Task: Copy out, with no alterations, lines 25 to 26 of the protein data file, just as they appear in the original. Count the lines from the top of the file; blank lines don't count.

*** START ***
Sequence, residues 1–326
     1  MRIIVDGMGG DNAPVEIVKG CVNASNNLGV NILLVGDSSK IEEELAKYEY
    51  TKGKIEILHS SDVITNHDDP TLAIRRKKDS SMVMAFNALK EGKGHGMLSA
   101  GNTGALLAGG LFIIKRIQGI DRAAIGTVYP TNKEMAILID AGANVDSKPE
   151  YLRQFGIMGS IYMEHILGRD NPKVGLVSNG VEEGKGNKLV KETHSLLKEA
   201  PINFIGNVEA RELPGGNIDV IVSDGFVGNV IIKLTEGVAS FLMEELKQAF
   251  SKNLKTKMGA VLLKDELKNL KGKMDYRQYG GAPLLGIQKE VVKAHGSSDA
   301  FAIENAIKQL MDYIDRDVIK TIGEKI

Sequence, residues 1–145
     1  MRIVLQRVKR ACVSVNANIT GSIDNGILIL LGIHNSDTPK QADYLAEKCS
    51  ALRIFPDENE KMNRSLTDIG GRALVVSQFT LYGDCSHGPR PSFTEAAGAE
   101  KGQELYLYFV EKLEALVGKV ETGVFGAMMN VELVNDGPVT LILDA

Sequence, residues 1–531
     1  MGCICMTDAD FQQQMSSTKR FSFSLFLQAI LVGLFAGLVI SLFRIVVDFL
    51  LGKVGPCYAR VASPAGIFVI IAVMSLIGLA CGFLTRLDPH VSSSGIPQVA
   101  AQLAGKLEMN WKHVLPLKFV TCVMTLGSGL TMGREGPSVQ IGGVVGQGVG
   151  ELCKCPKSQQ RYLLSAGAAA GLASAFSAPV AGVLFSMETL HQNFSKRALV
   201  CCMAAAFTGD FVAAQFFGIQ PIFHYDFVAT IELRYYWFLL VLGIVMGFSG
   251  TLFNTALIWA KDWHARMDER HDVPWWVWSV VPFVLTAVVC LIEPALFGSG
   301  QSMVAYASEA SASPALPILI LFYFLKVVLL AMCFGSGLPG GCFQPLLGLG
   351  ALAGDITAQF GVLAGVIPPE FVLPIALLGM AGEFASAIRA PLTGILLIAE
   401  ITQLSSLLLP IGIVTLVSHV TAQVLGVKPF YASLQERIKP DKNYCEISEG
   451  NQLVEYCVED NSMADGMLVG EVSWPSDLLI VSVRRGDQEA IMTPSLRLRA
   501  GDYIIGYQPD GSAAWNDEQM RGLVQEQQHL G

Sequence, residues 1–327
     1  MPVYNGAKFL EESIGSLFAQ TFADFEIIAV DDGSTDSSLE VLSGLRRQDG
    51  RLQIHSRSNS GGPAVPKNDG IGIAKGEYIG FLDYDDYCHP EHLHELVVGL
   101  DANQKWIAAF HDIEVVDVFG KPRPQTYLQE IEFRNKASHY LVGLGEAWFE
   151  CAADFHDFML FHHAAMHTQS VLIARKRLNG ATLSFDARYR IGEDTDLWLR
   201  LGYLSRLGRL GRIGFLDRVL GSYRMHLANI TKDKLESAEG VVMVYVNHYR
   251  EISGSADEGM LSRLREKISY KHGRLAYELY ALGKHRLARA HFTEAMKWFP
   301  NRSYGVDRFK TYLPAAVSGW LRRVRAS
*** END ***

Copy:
Sequence, residues 1–327
     1  MPVYNGAKFL EESIGSLFAQ TFADFEIIAV DDGSTDSSLE VLSGLRRQDG